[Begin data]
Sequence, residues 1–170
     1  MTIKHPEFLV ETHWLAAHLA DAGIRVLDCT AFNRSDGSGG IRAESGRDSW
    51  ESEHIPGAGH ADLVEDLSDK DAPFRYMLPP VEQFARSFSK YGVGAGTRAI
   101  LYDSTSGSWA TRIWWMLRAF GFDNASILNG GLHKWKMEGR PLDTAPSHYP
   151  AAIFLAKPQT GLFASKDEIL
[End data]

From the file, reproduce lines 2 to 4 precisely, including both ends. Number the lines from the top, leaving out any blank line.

     1  MTIKHPEFLV ETHWLAAHLA DAGIRVLDCT AFNRSDGSGG IRAESGRDSW
    51  ESEHIPGAGH ADLVEDLSDK DAPFRYMLPP VEQFARSFSK YGVGAGTRAI
   101  LYDSTSGSWA TRIWWMLRAF GFDNASILNG GLHKWKMEGR PLDTAPSHYP